Since this is my first country club experience, though, I am sure I will have lots of questions for all my friends here at CT. Anyone involved in the CC business, I would love to hear from you and find out how your experiences have been.
post #7 of 23
Congratulation on the new job Pete!


Hope you'll be happy at the country club.
When I get a little money, I buy books. And if there is any left over, I buy food.

- Desiderius Erasmus
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When I get a little money, I buy books. And if there is any left over, I buy food.

- Desiderius Erasmus
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post #8 of 23
Great news for you, Pete! Illinois' loss is Wisconsin's gain. Perhaps you'll be able to educate and expand their palates a bit and take them beyond fish fries!
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***It is better to ask forgiveness than beg permission.***
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Moderator Emerita, Welcome Forum
***It is better to ask forgiveness than beg permission.***
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post #9 of 23
Their tastes are only "pedestrian" because you haven't yet shown 'em your stuff. I wish you and Mrs. Pete the best of luck in your new jobs.
Food is sex for the stomach.
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Food is sex for the stomach.
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post #10 of 23
Congratulations Pete! That sounds like an exciting opportunity for you and your wife. Also, it's always nice being your own boss or, at least, mostly your own boss.
post #11 of 23
I think your new job sounds GREAT! Plus having your spouse around, that would be fab.!! I've worked in Clubs for several years and I have a few opinions to share.

I think these people look to the club as their home and want good food their familar with first of all, YET they also will want 'showie' items to impress their guests too.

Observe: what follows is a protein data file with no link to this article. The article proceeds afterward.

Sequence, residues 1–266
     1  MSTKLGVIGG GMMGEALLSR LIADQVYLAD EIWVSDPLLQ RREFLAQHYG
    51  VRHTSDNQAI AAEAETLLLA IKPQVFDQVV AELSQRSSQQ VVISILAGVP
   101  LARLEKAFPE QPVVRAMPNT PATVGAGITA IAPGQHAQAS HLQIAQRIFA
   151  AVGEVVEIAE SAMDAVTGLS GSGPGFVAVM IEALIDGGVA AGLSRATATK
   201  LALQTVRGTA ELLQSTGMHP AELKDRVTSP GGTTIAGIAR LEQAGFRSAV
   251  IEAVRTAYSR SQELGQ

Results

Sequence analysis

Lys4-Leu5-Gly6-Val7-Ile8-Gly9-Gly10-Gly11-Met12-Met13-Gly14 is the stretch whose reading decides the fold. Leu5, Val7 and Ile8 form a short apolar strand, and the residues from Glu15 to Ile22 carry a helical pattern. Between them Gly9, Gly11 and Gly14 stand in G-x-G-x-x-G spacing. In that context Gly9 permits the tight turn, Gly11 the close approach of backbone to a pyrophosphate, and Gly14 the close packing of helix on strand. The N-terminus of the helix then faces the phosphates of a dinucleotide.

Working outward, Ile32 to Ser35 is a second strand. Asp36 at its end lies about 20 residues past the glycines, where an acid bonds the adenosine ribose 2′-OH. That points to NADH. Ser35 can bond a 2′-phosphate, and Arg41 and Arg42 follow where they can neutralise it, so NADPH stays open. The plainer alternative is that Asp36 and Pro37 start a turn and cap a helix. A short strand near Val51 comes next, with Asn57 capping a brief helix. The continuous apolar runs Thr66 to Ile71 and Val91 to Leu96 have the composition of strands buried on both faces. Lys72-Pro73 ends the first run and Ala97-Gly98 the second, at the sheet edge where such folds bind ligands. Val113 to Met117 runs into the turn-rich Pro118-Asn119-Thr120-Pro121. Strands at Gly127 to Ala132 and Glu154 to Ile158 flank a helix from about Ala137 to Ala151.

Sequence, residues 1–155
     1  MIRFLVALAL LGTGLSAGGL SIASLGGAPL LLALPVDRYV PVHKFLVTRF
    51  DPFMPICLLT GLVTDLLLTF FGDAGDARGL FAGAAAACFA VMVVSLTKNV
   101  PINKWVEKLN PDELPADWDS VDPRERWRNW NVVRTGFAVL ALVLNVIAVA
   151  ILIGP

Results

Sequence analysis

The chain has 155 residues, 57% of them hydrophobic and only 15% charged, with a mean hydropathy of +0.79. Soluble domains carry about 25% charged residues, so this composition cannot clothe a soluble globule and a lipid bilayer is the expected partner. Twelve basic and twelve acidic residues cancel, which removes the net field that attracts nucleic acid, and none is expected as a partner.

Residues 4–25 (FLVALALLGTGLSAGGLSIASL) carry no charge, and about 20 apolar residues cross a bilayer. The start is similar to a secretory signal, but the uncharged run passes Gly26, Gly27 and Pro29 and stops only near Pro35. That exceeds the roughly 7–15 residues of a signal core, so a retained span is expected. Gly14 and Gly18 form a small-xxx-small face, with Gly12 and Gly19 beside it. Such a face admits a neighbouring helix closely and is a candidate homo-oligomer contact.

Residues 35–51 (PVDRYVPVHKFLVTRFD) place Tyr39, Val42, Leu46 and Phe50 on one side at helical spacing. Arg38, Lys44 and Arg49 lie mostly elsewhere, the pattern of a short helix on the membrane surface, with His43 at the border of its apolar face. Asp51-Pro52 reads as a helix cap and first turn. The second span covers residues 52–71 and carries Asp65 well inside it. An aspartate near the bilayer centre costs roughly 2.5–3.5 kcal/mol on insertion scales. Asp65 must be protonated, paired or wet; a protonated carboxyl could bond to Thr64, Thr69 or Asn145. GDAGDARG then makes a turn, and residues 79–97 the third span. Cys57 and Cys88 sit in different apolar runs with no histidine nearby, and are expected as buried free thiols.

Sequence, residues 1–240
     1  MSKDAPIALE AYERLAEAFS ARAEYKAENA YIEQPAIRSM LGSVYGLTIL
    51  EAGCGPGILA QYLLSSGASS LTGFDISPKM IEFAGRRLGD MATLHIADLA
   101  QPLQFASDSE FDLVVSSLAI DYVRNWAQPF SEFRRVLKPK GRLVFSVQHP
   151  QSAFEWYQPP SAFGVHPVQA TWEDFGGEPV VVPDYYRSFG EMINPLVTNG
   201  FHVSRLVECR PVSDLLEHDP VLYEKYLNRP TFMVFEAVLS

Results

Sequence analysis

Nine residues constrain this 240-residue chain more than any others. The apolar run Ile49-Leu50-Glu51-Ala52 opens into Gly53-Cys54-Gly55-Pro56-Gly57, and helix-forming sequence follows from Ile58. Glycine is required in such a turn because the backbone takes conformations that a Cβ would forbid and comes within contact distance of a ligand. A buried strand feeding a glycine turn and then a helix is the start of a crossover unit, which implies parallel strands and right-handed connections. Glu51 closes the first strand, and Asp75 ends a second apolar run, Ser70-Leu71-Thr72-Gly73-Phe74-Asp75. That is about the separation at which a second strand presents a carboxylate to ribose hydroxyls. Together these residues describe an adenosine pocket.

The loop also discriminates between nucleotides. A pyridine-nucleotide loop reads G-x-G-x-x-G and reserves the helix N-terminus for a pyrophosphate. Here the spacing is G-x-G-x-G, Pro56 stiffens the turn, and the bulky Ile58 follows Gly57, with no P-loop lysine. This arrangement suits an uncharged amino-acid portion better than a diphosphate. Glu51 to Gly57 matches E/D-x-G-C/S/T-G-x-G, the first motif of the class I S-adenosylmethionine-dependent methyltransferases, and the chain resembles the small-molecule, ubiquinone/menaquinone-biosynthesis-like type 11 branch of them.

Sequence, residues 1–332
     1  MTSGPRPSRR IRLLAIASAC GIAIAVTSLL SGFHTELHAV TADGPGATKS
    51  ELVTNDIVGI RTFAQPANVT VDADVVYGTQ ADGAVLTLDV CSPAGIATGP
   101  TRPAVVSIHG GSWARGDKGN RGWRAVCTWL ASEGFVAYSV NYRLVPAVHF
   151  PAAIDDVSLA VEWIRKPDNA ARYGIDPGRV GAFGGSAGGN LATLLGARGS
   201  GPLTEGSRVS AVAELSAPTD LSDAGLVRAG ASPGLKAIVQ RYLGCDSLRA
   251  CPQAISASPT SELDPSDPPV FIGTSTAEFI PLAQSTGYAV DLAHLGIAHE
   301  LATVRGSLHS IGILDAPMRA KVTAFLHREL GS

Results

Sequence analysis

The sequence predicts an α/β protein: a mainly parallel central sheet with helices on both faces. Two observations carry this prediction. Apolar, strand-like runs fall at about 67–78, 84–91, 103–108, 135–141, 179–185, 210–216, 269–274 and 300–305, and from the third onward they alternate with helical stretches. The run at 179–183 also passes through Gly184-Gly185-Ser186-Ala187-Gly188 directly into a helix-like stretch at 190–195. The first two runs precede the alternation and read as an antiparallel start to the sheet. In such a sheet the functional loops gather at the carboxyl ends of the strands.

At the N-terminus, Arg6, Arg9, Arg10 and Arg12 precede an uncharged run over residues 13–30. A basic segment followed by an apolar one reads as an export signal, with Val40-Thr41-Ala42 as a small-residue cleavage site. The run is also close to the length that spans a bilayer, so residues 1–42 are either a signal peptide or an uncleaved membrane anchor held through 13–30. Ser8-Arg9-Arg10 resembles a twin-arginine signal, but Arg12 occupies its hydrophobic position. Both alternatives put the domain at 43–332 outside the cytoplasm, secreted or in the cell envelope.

I don't find this type of cooking limiting at all. Good food is good food and they'll appreicate even the most sophisicated items...the trick is to simplify and build trust that anything you cook is great. Then intro more challenging items slowly (always keep the titles simple and clear).

I know of chefs that tried to move too fast changing menus and they got their wings clipped by the membership. So my advice is to go slow and totally perfect what they love first (when you do that, their loyality to you will be strong!), then bring in "new' dishes slowly over the years and they'll back you. I found buffets to be a great way to intro. new items, build trust and get them to experiment more then with ala carte service where they tend to be the most conservative.


Politics can get tricky at some clubs, but just try to stay loose, take no sides. Many members will want a personal chef who will do special requests at the worset time for you (never turn those down, never complain about them, those members will be your strongest allies when political storms come and go).

As far as your old manager, try not to waste your time on someone like that, it's just one of those frustrating things you'll do best ignoring.

Good Luck!
"Bakers are born, not made. We are exacting people who delight in submitting ourselves to rules and formulas if it means achieving repeatable perfection", Rose Levy Beranbaum
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"Bakers are born, not made. We are exacting people who delight in submitting ourselves to rules and formulas if it means achieving repeatable perfection", Rose Levy Beranbaum
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post #12 of 23
So, you say you're going to be a cheesehead instead of a flat-lander? Congratulations! My Wisconsin friends will be proud of you!!!

What part of Wisconsin, by the way?

Nancy
post #13 of 23
Thread Starter 
My new job takes me to Fond du Lac, WI. Very centrally located. 1 hour from Milwaukee, Madison, and Green Bay. It is 15 minutes from Oshkosh, and on the tip of Lake Winnebago (Wisconsin's largest lake, not counting the Great Lakes). The town is around 45,000 people, so it will be a little different than Chicago, but I am looking forward the change of pace.
post #14 of 23
congrats!!!
cooking with all your senses.....
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cooking with all your senses.....
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post #15 of 23
Congratulations, Pete! BTW, I think you were super generous in giving a 5 week notice. The cream does indeed rise to the top, and you can certainly leave knowing it's their loss, not yours!

By the way - does Fond du Lac mean 'brown stuff at the bottom of the lake??:D
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"Like water for chocolate"
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post #16 of 23
I have to say Pete, I'm jealous. Sounds like a really great job. Personally I think any experience where your customer base is small enough so that you can build a (at least on the culinary level) relationship with them is great.

This thread just gave me an idea about my job search...